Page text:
I often write about travel, but travel is often about enjoying your surroundings. For most of my time in Paris, I lived in the 14th arrondissement. Although this arrondissement isn’t famous in the same way that other arrondissements for its attractions, there are many things to do in 14th arrondissement as well as some fantastic food. I hope that this neighborhood guide to the 14e arrondissement inspires you to stick around to explore a bit of this local neighborhood in Paris.
Shortly after moving to Paris, we found a charming apartment in a historic Haussmannian building in the 14th. It was small and I wasn’t sure what it would be like in the 14th arrondissement. Given how crazy the apartment market in Paris is, we took it although the apartment wasn’t exactly what we thought it would be (“CLEAN ME” written into the blinds). That said, I instantly fell in love with the neighborhood. Most people only visit the 14th for the Montparnasse Tower or the Paris Catacombs, however hopefully this little guide inspires you to find some good food after visiting the catacombs.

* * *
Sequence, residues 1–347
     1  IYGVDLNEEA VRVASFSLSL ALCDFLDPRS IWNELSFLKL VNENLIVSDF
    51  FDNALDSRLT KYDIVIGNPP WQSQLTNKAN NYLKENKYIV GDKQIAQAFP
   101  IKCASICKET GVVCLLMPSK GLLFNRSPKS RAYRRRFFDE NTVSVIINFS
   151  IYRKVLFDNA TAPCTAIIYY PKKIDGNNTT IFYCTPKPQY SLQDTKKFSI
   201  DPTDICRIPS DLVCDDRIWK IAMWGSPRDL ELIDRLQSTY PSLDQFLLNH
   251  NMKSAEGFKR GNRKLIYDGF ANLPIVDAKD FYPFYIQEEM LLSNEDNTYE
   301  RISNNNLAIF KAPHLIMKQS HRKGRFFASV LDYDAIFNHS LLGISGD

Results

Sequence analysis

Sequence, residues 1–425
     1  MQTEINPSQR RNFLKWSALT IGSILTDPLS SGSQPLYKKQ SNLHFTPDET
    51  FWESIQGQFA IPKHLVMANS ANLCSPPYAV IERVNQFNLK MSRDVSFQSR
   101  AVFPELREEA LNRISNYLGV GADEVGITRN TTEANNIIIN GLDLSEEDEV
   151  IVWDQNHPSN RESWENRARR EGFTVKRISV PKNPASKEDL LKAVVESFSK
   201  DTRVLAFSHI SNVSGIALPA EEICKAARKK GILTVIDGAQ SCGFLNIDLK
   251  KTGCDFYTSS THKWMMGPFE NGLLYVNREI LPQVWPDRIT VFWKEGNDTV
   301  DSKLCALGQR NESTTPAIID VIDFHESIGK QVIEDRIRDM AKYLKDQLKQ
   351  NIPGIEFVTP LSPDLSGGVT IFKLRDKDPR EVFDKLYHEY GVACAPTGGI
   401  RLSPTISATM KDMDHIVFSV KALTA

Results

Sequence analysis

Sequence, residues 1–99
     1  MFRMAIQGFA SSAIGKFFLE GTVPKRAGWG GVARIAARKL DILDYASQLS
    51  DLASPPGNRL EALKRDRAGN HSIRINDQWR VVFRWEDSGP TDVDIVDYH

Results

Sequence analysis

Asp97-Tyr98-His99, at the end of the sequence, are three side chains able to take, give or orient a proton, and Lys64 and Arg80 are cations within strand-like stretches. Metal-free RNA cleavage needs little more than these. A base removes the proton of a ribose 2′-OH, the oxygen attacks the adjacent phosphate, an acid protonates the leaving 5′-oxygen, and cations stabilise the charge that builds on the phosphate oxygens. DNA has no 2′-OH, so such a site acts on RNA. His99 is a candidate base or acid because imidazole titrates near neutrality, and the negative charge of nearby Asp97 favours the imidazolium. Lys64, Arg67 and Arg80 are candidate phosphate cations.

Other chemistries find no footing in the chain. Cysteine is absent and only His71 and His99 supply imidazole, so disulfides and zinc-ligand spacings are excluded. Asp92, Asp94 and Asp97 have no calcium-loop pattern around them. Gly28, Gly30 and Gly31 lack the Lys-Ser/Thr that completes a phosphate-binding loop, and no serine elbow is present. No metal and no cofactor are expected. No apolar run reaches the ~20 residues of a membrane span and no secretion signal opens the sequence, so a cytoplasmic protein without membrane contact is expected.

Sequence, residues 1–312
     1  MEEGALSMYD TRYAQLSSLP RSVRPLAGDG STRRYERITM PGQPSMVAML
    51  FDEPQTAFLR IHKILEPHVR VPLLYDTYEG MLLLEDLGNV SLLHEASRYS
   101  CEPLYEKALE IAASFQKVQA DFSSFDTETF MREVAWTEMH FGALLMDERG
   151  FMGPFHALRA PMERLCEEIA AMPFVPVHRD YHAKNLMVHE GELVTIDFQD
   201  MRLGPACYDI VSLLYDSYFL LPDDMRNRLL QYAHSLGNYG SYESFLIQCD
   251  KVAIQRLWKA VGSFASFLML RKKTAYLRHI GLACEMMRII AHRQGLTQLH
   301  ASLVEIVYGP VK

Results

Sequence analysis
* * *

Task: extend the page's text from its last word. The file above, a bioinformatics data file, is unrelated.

Why to visit the 14th arrondissement
The 14th arrondissement is home to some of the best markets in Paris, so if you’re into experiencing the local side of Paris, I recommend coming to this neighborhood ready to explore the shops, enjoy its atmospheric cafes, eat crepes, and image yourself sitting among the most famous intellectuals of the 20th century. Similarly, you can visit some of the biggest attractions in Paris: the Catacombs as well as the Montparnasse Tower for views of Paris. Lastly, you’ll be able to discover the secret streets and former villages that truly make the 14th arrondissement truly special. More history and insider tips below!
The history of Montparnasse
Originally one of the suburbs of Paris, Montparnasse was annexed into Paris in the late 1600s. It was known for being a working-class neighborhood for many years, which is why it partially appealed to artists. In the late 1910s, Montparnasse became the intellectual hub of Paris due to its cheap rents, many cabarets, and creative atmosphere. Most of the most famous intellectuals of the time (including Ernest Hemingway and Picasso) were found spending time in Montparnasse. Following World War II, the intellectual hub ceased to exist. Now, Montparnasse is a middle-class Parisian neighborhood with nice architecture, affordable restaurants, and reasonable(ish) prices for an apartment within Paris.
Safety in the 14th arrondissement